Baskin is a fantasy/horror film out of Turkey by director Can Evrenol. The movie centers on a group of police officers who respond to an assignment that unwittingly takes them into a hellish dimension. The film’s slick production values and disturbing imagery ensures that Baskin will strike fear into the hearts of unsuspecting North American audiences.
During a seemingly uneventful night of eating barbecue and swapping tall tales, a squad of police officers are called in to back up another unit. Unbeknownst to the officers, the backup call that they’re responding to is directing them towards a malevolant force’s temple of worship. Even before the group arrives at their destination, the insidious force begins to influence the men, play tricks on their minds, and impair their judgement. As the officers slowly come to suspect that supernatural forces are at play, they may already be too deep inside of a hellish dimension to make it out with their lives.
Baskin is a technically well made movie. The film looks superior to most small scale horror pictures. There are plenty of disturbing visual effects in the film, and the make-up and practical effects never come off as low budget or fake. On top of the solid visuals, the film is also technically well executed. Right from the film’s onset, Evrenol establishes a chilling atmosphere that never relents. Even though it takes a while for the action to ramp up, for the duration of its run time, Baskin feels as though something terrible will happen at any moment. Evrenol positions the camera to lurk behind the characters, tilting it at odd angles, giving the impression that something is hunting the cast and that it’s capable of striking at any moment.
The film works best in the first act as the supernatural forces at play slowly reveal themselves to the squad. The cops aren’t a group of ghost hunters, or even slightly heroic, they’re just a group of hapless guys who get the wrong call on the wrong night. Evrenol shows a great deal of restraint as a filmmaker, giving the audience ample opportunity to get to know the characters before sending them off into the unknown. The entire cast turns in natural and charismatic performances, but at the same time, none of them rise above generic horror movie fodder either. The film’s cast play down to earth, blue collar guys that wouldn’t look out of place sitting in a bar or on a park bench arguing over soccer matches. The relatable quality of the characters makes it that much more horrific when the film begins slaughtering them.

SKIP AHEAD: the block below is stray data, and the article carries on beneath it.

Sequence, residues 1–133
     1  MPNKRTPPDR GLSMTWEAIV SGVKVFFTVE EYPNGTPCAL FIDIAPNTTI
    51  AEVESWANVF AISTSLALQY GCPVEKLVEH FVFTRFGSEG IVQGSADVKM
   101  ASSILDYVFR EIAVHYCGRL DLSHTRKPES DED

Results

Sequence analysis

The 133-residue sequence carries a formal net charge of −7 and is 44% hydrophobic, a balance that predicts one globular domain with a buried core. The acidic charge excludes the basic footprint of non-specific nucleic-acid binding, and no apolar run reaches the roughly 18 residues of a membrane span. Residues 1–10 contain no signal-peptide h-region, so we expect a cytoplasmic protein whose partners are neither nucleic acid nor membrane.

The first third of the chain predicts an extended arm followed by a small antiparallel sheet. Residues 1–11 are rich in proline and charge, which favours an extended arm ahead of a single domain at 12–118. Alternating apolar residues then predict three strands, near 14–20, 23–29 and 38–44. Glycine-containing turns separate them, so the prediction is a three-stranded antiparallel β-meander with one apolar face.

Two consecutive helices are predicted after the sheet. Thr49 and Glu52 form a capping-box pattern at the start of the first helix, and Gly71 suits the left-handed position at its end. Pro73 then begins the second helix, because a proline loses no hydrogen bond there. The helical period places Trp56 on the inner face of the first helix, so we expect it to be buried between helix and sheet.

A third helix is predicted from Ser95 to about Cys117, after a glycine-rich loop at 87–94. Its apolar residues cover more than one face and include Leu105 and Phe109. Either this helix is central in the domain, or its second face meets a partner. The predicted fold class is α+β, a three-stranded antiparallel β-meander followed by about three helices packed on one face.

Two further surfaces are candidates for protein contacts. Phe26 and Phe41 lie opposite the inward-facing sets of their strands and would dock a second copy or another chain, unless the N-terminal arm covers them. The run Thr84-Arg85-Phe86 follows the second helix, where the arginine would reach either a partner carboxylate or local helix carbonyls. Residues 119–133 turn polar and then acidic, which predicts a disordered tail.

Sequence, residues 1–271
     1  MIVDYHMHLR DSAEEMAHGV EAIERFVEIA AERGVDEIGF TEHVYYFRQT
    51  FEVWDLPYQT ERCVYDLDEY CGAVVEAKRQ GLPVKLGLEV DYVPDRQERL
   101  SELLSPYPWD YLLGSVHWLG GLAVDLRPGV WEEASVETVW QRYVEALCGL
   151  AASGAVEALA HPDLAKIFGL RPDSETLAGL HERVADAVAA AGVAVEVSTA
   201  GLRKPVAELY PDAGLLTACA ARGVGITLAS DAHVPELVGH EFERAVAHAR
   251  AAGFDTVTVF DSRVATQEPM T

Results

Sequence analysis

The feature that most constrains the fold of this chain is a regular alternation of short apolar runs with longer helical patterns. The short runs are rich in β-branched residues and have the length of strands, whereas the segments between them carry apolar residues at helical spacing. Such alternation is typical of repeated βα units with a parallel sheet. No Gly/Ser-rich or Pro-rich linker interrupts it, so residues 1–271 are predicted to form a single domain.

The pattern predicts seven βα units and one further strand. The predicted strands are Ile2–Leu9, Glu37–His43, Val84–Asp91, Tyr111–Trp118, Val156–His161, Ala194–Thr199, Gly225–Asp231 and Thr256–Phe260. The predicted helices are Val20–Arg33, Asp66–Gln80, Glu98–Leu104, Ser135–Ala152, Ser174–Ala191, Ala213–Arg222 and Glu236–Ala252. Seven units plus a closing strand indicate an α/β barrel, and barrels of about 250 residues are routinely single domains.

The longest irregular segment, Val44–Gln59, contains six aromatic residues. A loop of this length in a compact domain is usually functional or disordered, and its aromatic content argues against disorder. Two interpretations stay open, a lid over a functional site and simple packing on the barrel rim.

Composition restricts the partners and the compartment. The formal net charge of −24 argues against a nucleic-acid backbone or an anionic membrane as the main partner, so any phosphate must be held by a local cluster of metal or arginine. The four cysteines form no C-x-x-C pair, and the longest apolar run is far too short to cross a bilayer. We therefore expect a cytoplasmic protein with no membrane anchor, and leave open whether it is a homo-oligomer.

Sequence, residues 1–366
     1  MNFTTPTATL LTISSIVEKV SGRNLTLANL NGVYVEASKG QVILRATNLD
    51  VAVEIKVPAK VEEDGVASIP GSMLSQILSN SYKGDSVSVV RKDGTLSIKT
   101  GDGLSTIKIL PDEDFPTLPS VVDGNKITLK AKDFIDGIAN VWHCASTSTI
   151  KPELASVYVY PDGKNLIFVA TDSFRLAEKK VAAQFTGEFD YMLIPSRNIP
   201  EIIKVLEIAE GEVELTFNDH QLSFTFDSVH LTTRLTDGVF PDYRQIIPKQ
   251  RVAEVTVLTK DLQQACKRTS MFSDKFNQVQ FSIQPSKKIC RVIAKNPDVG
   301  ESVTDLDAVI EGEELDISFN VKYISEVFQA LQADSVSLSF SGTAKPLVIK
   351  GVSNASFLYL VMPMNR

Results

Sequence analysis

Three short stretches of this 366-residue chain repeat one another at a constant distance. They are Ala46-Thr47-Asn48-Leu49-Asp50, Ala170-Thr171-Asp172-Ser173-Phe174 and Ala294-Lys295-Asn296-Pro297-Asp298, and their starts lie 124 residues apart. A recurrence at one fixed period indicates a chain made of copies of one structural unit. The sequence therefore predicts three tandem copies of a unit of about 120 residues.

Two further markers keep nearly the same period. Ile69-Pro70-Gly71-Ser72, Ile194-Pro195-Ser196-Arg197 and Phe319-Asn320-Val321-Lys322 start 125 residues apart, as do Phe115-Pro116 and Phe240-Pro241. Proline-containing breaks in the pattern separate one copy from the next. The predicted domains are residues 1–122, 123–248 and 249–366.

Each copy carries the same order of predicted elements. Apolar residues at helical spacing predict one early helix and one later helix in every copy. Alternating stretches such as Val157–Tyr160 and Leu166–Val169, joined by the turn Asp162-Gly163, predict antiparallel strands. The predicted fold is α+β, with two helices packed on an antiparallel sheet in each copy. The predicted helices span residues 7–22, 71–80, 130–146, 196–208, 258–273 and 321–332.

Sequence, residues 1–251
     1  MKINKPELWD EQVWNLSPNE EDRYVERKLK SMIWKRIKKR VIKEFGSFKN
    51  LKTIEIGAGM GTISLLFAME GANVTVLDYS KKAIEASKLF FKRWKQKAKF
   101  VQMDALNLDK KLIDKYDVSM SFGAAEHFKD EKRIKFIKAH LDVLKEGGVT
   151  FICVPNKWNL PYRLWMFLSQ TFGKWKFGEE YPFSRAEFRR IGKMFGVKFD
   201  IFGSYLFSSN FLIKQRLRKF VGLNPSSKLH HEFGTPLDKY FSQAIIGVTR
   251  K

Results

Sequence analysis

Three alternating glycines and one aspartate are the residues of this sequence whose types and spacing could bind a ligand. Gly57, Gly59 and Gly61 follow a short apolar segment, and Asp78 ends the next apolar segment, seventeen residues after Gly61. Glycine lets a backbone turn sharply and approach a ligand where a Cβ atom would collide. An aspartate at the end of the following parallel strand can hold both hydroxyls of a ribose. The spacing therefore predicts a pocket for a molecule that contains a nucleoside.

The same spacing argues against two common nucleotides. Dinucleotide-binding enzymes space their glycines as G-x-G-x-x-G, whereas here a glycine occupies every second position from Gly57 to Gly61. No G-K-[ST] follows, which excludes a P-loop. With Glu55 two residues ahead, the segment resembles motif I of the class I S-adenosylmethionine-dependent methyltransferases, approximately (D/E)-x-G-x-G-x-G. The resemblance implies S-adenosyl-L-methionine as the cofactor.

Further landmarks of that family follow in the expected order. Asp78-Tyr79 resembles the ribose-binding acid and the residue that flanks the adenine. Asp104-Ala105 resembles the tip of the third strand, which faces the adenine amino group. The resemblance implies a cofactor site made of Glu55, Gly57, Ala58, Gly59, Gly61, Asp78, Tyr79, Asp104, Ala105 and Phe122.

The film drastically changes up its pace in the third act. Up until the halfway point, Baskin teases the audience with an unknown form of evil that is always lurking just out of frame. The air gets sucked out of the movie after the antagonistic forces make themselves known, and Baskin becomes a different type of film. Those who are fans of torture porn and body horror are in for a treat, because Baskin serves up some hideous imagery.
The second half of Baskin is bloody and gruesome with unsettling visuals that are sure to give the squeamish nightmares long after the film is over. Can Evrenol doesn’t leave much to the imagination as he goes all in on the violence. Characters get mutilated very slowly, and the camera soaks up every slash, stab and cut in painstaking detail. Baskin’s macabre elements evoke Clive Barker’s classic work on Hellraiser, and should satisfy gore-hounds. Even though there is an audience for the film’s ghastly climax, the sequence goes on for too long and saps the momentum out of the film.
Baskin is a decent small-scale horror film that will satisfy a specific type of horror fan. The movie looks great, has a captivating set up, and director Can Evrenol knows just how to unleash a horrific cinematic nightmare upon viewers in need of a good scare. Baskin is an ideal movie for those seeking plenty of gore and shock value. Anyone looking for a film that provides scares through atmosphere and psychological terror should take a pass